Queen’s University enhances intercultural training program
An expanded version of an intercultural training program at Queen’s University significantly increased the number of participants in 2017-18 from the previous school year.
Queen’s University has offered the Intercultural Awareness Certificate Program for several years. In the fall of 2017, the program was expanded to include content related to indigenous history and cultural safety. By February 2018, some 1,520 students, mostly in leadership positions, had participated in the program. Of this total, 152 students had completed the expanded version, nearly double the number that took the program throughout the entire previous school year. The program, delivered by the Queen’s University International Centre and the Four Directions Aboriginal Student Centre, has received satisfaction scores of 4.2-4.7 out of 5.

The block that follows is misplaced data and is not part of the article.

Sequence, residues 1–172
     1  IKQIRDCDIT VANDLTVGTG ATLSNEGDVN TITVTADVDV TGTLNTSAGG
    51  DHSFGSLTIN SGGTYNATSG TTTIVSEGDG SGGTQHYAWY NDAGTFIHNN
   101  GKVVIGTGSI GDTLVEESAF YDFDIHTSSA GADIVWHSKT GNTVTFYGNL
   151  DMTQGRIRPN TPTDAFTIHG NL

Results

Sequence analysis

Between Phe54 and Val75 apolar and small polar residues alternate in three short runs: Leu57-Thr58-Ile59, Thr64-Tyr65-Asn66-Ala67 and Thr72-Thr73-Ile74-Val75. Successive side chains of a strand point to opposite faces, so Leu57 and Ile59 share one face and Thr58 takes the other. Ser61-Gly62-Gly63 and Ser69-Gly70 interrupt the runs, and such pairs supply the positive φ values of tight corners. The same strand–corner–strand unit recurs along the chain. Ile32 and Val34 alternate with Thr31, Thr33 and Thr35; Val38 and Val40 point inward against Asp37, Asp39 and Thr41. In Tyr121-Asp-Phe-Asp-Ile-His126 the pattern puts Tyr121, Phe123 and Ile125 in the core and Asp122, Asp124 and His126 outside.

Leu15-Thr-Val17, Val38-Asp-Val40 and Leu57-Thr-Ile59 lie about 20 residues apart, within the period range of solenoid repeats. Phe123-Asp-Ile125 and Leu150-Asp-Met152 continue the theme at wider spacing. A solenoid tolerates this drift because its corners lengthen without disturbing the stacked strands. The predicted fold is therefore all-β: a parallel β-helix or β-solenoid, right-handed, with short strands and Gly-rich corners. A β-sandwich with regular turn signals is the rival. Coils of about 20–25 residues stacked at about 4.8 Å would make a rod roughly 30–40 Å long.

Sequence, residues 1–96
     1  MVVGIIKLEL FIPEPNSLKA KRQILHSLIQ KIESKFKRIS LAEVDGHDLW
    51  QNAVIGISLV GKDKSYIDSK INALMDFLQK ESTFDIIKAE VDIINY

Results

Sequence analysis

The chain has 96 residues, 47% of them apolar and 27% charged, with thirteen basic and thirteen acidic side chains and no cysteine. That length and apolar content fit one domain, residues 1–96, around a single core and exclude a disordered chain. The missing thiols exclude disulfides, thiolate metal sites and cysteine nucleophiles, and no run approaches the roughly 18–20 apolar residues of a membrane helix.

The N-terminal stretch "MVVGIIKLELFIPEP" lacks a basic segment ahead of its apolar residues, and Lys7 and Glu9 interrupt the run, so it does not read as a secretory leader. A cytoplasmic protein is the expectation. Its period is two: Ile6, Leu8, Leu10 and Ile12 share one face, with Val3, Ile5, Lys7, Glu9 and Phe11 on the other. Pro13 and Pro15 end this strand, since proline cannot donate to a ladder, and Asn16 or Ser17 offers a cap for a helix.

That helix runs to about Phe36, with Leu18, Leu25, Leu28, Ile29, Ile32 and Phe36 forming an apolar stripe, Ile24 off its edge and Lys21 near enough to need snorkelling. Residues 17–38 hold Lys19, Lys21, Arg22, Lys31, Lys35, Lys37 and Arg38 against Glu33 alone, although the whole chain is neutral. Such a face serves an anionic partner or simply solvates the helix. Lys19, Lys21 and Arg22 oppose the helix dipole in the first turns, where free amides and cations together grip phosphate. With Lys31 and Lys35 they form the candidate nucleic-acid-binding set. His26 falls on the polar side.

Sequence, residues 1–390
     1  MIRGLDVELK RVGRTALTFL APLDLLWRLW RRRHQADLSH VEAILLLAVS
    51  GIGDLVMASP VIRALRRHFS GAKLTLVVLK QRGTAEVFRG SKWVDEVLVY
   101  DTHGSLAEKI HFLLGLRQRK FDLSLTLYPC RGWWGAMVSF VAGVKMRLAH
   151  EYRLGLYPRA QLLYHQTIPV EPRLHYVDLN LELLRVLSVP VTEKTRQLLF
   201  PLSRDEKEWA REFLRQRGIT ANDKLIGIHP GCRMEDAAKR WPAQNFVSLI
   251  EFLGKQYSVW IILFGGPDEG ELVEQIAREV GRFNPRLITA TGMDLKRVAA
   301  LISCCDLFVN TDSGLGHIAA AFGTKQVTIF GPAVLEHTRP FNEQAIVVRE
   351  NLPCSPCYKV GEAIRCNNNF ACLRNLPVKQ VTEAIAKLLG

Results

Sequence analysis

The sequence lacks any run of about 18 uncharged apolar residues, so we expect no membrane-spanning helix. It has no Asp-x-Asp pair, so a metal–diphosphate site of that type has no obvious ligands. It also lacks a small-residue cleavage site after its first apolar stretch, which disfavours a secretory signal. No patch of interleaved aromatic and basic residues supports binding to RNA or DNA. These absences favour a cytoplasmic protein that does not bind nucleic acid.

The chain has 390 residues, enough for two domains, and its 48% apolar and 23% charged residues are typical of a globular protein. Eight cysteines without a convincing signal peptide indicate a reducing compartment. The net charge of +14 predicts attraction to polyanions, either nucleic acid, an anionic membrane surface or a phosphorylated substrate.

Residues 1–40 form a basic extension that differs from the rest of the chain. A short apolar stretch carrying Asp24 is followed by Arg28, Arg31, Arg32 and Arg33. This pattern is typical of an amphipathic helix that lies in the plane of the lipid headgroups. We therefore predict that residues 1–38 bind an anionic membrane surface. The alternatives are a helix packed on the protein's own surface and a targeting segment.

In five 90-minute, or three 150-minute, workshops, participants learn skills such as identifying dimensions of culture to help engage effectively in an intercultural context; recognizing their own strengths and challenges with respect to cultural commonality and difference; and gaining greater awareness of Indigenous culture, including the lived experience of Western colonialism by Indigenous peoples in the Americas.
In alignment with recommendations of the Truth and Reconciliation Commission Task Force and the Principal’s Implementation Committee on Racism, Diversity, and Inclusion (PICRDI), the Division of Student Affairs has also expanded recruitment activities focusing on under-represented student populations, enhanced peer mentor and transition programs, and created a new position to support diversity, equity and inclusivity. The floor space of the Four Directions Aboriginal Student Centre has also doubled.